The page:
Testing the Waters: Coral Nurseries and Climate Change

What makes (or breaks) a coral’s ability to survive rising sea temperatures? It’s a puzzling predicament, and scientists are hoping coral nurseries can help crack the code. To test the waters, they grow brown rice coral and blue rice coral in various temperatures and conditions, then reintroduce fragments into the ocean. Suspended from a “tree” above the sea floor, these corals are teaching Smithsonian Conservation Biology Institute scientist Mike Henley whether corals grown in warmer waters fare better than their cold-water counterparts.

Suspended from a “tree” above the sea floor, these corals are teaching Smithsonian Conservation Biology Institute scientist Mike Henley whether corals grown in warmer waters fare better than their cold-water counterparts.

What are your favorite facts about corals?

Many people are surprised to learn that corals are animals! We compare them to plants in that if they fragment, or break apart, they are able to reproduce asexually — like how you might give the cutting of a houseplant to a friend. The difference is that when corals grow, they have the ability to reconnect and fuse together. Eventually, they can grow back into one colony.

Another fun fact is that you can set your watch by the coral spawn. In a given area, most of them have tuned their reproduction to the same hours of the same few days of the same few months every single year. How do brainless animals know to spawn all at the same time? It’s really fascinating.

What corals are you working with in the nursery?

The two corals I am working with are Montipora capitata, commonly known as the brown rice coral, and Montipora flabellata, or the blue rice coral. The cool thing about these corals is that the adults have a toxin in them, and this toxin is also incorporated into the eggs.

Not many corals have toxins, and we’re not entirely sure why these species do. It is possible that the toxin makes the adults and larvae distasteful to potential predators, or maybe it helps the young corals find a spot on the reef to settle. Whatever the reason, the toxins in the eggs makes breeding this species in the lab a bit tricky. If we have 100 egg-and-sperm bundles in our sample in a small tube, and an egg breaks, the toxin could kill the sperm instantaneously — and we would lose our entire sample!

SCBI scientist Mike Henley checks out the brown rice coral and blue rice coral on the coral nursery tree.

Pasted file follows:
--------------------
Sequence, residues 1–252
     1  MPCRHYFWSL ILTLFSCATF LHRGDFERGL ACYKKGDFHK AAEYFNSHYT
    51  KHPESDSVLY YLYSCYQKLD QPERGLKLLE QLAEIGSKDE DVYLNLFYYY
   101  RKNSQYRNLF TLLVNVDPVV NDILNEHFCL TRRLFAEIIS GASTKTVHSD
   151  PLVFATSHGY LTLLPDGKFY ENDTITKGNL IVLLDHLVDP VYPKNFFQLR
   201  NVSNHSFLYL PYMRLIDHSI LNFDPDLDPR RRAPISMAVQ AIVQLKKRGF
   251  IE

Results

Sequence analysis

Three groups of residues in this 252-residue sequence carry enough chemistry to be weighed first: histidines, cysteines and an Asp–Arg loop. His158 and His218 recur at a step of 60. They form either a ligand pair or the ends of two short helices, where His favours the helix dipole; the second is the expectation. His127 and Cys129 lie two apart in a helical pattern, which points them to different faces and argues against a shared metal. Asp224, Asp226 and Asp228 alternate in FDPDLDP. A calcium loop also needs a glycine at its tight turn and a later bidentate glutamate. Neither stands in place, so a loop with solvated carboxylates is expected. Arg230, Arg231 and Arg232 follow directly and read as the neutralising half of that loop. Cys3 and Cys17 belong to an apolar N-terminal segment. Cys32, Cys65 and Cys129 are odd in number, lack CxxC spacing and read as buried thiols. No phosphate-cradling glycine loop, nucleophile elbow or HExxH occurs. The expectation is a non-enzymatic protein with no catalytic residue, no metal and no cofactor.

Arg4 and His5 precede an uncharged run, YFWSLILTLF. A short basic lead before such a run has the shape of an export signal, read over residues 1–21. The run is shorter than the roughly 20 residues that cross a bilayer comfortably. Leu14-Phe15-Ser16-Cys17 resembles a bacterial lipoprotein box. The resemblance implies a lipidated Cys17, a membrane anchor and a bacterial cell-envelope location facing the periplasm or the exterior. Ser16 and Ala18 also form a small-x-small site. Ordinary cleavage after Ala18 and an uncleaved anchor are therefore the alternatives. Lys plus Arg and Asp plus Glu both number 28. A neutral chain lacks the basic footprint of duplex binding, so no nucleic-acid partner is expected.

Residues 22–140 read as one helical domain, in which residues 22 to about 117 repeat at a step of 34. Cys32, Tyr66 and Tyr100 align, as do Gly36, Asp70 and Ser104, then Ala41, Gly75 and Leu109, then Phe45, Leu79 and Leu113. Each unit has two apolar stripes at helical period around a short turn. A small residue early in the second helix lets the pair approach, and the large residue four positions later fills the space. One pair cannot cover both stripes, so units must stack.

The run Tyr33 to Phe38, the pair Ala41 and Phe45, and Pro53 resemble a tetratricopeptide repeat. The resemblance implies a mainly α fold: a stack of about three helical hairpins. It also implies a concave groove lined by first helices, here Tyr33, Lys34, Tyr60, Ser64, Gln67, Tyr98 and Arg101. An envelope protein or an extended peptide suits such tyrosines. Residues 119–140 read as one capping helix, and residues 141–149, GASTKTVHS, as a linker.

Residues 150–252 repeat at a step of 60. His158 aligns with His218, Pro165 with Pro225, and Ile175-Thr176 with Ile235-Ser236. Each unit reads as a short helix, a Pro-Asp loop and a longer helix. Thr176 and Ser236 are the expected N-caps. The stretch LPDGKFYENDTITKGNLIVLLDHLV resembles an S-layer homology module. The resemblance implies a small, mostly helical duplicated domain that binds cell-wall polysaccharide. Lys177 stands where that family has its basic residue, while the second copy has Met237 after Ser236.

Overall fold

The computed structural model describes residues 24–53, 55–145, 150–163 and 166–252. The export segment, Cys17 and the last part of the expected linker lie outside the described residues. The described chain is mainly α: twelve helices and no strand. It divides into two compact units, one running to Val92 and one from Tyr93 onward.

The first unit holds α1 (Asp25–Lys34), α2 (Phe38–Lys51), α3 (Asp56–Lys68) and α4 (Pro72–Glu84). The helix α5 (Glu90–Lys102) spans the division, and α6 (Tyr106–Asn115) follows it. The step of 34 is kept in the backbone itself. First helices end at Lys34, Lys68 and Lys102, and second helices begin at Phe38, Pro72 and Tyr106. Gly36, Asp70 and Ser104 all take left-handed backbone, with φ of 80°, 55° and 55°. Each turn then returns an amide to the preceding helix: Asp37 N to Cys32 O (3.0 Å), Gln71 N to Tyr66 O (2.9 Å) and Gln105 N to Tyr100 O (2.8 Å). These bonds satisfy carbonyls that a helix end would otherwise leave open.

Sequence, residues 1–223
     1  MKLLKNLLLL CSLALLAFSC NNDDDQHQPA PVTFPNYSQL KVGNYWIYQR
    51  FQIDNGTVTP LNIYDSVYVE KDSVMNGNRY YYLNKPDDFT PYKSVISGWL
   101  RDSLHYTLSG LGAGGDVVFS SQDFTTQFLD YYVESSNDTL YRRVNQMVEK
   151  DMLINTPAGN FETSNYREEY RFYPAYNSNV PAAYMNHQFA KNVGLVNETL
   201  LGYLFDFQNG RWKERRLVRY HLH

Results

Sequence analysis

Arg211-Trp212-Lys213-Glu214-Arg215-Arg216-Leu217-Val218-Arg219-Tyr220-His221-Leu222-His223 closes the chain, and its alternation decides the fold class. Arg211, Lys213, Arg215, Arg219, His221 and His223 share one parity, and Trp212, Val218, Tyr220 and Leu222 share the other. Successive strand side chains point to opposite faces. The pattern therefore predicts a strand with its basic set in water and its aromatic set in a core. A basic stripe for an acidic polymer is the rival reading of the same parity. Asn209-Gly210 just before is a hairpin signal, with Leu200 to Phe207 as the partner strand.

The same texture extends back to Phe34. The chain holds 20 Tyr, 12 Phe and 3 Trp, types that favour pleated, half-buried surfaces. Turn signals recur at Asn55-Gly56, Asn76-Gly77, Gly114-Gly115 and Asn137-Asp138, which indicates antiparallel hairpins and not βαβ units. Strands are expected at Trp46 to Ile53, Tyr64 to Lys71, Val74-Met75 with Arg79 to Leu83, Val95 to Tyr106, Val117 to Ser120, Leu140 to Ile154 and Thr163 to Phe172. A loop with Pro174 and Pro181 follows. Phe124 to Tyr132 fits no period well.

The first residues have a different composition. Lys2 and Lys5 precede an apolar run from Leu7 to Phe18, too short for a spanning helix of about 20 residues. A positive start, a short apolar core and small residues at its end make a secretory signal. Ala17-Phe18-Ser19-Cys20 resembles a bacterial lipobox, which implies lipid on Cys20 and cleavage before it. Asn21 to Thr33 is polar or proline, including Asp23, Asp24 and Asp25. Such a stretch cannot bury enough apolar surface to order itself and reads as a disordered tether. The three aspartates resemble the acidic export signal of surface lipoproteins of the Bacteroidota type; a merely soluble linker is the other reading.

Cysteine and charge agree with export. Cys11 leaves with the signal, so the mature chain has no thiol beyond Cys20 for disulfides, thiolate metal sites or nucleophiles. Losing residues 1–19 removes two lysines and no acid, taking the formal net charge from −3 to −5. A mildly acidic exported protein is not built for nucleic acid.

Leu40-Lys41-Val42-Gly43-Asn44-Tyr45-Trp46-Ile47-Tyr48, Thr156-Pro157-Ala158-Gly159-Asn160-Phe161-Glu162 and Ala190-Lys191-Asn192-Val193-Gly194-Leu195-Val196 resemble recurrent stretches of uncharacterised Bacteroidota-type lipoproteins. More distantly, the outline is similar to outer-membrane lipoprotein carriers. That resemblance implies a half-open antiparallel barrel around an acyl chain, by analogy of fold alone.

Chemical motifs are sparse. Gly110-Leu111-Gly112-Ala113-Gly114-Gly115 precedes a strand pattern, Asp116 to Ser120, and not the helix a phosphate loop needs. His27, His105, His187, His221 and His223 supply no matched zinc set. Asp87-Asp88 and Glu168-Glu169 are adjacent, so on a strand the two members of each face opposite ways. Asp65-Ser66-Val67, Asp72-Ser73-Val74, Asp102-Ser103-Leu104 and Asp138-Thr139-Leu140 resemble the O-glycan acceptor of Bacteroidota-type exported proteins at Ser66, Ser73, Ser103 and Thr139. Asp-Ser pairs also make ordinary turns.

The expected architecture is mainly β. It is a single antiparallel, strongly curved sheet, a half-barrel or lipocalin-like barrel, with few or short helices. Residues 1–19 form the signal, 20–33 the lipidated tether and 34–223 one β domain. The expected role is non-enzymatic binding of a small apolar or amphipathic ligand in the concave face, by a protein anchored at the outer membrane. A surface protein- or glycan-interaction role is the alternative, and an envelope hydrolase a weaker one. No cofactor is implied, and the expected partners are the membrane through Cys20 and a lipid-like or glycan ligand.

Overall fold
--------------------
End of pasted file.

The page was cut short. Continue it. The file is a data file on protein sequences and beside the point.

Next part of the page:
What do you find most exciting about this project?

One of the most exciting questions I’m hoping to answer with this research is whether we can predict which corals are going to do better under warming ocean temperatures. Coral reefs, as a whole, are struggling to keep up with changing environmental conditions — including temperature fluctuations — but there may be some hope that certain species are able to acclimatize and adapt faster than we think. This study is just one way to help us determine corals’ resiliency to these pressures.

How did you get the coral fragments used in this study?

I received the coral fragments in January 2019 from my colleague Chris Jury, whose long-term experiment was concluding. Conveniently enough, his lab is located right next to ours on Coconut Island!

About three years ago, Chris harvested the “parent” corals from Kaneohe Bay and elsewhere around Oahu. At the time, they were small fragments. Today, some are the size of dinner platters. He grows the corals in outdoor tanks, so they receive the same flow-through seawater and natural sunlight as the corals in Kaneohe Bay. The difference is, the tanks allow him to manipulate the water temperature and pH regime (make it more acidic or basic).

For both the brown rice coral and blue rice coral species, one parent coral was grown in water with a low temperature and low pH; another in low temperature and high pH; a third in high temperature, low pH; and the last in high temperature, high pH. I am following those same individual genotypes as Chris labeled. I’m interested to see if their growth is maintained or reversed, if there are any long-term impacts from the different conditions in which they were grown, and if they will grow at the same rate when exposed to the same ocean conditions.

From each of the parent corals (there are several per treatment), I made five small fragments. To the best of my ability, I tried to cut them to about the same size. Most are small enough to easily fit in the palm of my hand.

A coral tree holds brown rice coral and blue rice coral in Kanahoe Bay.

How did you build the coral tree?

The “trunk” of the tree is made from a piece of one inch-thick PVC pipe. To keep the tree upright, its base is held in the sand with a duckbill anchor, and an orange buoy is attached to the top by a thick nylon rope. The top of the buoy is about 10 feet below the water’s surface, which allows boats to go by without snagging my experiment in their wake! Holes were drilled into the trunk and inserted fiberglass rods, which serve as “branches.”

To attach the coral fragments to the tree, I wrapped a thick piece of fishing line and an aluminum crimp around the coral itself. I threaded the extra string of the fishing line through holes in the branches, leaving enough space for the coral to dangle below. To keep tabs on which coral is which, I attached an identification tag that specifies the species of coral, the conditions in which it was grown and the tag number. I hung the brown rice coral fragments on the tree in January 2019 and the blue rice corals in February 2019.

The tree sits just a short snorkel from the shores of the Hawaii Institute of Marine Biology. At least twice a month, I swim out to the site to make sure none of the coral fragments have been knocked off or loosened from the tree.

SCBI scientist Mike Henley checks on the brown rice coral and blue rice coral fragments in the coral nursery.